POLITICS

Rep. Nancy Pelosi May Introduce Immigration Bill To Pressure Reluctant Republicans

House Minority Leader Nancy Pelosi, D-Calif., on Sept. 19, 2013.

House Minority Leader Nancy Pelosi, D-Calif., on Sept. 19, 2013.

With immigration reform talks stalled in the GOP-controlled House of Representatives, a senior Democrat may move to force their hand.

Rep. Nancy Pelosi is said to be considering introducing a bill herself, one that would be a variation of a bipartisan comprehensive immigration reform measure that the Democrat-controlled Senate passed in June.

Pelosi, who is the House Minority Leader, would seek to pressure Republicans to be co-sponsors, according to The Washington Post. Republicans in the House have expressed objections over parts of the Senate bill that allows a pathway to legal status for many of the estimated 11 million undocumented immigrants in the United States. The other key part of the bill calls for tightening enforcement.

“Leader Pelosi is proposing something closer to her ideal bill, and her intention is to keep the House moving forward, which is a good thing,” Sen. Charles Schumer, New York Democrat, said in a statement, according to published reports.

The move, which may come within the next two weeks, would follow a defection of three Republicans in the last few months from what began as a bipartisan group in the House to work on an immigration reform bill, or several bills dealing with different aspects of the divisive issue.

Last week, Texas Republican Reps. John Carter and Sam Johnson announced that they were abandoning the effort to work on a comprehensive immigration bill, which President Obama has pushed to see passed in Congress by the end of the year.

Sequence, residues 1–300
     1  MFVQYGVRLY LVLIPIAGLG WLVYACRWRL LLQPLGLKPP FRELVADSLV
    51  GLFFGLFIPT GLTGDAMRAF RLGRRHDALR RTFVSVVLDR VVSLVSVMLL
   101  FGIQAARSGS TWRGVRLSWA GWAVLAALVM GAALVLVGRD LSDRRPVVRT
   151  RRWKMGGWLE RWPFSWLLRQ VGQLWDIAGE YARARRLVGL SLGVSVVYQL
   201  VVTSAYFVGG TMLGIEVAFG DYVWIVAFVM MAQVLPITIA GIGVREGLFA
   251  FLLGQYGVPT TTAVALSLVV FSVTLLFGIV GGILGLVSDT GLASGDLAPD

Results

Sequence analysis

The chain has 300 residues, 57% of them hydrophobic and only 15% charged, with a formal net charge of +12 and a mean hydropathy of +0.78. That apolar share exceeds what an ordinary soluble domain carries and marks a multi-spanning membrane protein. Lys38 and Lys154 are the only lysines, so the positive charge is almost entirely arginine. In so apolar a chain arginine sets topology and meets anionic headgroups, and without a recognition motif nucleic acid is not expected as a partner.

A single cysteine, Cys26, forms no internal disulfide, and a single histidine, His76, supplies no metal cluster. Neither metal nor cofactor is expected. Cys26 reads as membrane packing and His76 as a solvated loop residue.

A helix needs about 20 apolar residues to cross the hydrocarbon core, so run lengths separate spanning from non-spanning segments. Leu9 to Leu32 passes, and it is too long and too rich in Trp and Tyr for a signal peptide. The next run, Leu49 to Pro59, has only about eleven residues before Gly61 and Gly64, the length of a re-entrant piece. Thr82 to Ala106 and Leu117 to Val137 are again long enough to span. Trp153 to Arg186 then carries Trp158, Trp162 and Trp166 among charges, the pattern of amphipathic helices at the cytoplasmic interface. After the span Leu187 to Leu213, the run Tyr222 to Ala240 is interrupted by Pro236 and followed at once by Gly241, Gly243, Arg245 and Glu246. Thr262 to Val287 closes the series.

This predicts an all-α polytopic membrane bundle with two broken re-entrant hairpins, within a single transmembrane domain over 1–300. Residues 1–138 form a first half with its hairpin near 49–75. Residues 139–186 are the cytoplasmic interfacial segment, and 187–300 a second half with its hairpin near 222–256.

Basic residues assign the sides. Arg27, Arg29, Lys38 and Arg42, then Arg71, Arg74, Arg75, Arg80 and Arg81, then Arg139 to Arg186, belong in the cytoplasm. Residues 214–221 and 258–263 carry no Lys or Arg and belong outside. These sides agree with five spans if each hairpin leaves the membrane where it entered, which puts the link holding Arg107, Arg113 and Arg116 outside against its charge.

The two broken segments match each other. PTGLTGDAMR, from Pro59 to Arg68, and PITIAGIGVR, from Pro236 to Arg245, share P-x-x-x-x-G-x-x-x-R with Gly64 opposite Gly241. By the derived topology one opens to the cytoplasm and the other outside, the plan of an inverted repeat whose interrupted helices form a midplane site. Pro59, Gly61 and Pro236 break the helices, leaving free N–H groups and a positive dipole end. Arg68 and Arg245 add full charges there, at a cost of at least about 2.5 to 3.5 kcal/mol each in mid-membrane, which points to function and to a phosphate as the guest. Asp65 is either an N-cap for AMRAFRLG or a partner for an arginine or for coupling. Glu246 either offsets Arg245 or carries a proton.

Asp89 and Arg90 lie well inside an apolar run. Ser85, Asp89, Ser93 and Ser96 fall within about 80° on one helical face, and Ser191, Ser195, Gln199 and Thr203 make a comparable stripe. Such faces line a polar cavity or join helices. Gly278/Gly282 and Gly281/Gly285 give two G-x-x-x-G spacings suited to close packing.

“The California Democrat’s strategy includes introducing legislation combining the comprehensive bill that passed the Senate Judiciary Committee in May with a bipartisan border-security bill from the House Homeland Security Committee, according to sources familiar with the plans,” said a story in Politico.

“The plan would be to publicly release the bill timed to the Oct. 5 National Day of Action,” the Politico story said, “that is meant to mobilize grass-roots support and pressure the House Republican leadership to take up immigration reform that includes a pathway to citizenship.”

The so-called Group of Eight began earlier this year with four Democrats and four Republicans. The objective had been to draft legislation that would be presented as a bipartisan effort, a tactic that those behind it hoped would improve the odds of such a measure getting enough support to pass.

The Texas lawmakers’ withdrawal from the group follows the decision in June by Rep. Raul Labrador, a Republican from Idaho, to walk away. Only one Republican, Rep. Mario Diaz-Balart, of Florida, remains in what originally had been called the Group of Eight.

The Texas congressmen blamed their decision on Obama, saying they could not trust him to implement the enforcement aspect of any immigration reform.

A similar group in the Senate, called the Gang of Eight, which included Schumer, went out of its way to project a united front, even as they differed over several aspect of the reform measure.

House Speaker John Boehner, of Ohio, said from the outset that his chamber would not rubber-stamp the Senate bill. Several Republican leaders in the House said they preferred to deal with immigration through separate bills instead of one overarching one.

The House, to be sure, always was seen as a more uphill battle. Republicans have a majority in the chamber, and a conservative faction holds considerable sway.

Many groups on different sides of the immigration debate had grown doubtful about the chances for passage of an immigration bill this year. Work on measures had stalled in the House over the summer, and with Syria commanding attention in Congress, the window appeared to be getting narrower for significant progress on legislation.

In recent weeks, supporters of a path to legal status and Democrats in Congress have said that the impasse in the House required stronger pressure on reluctant lawmakers to get back to work on immigration reform legislation.

"It is clear the bipartisan group's work was not being embraced by Republican leaders, so this allows us to put the focus squarely on Speaker Boehner and his lieutenants to decide if they are serious about reform and if so, to do something more than talk," Gutierrez said in a statement last week.

Politico quotes an unnamed immigration reform advocate as saying: “Dems agree that they need to lean into the issue more” and that may include releasing a bill ‘sooner rather than later.’”

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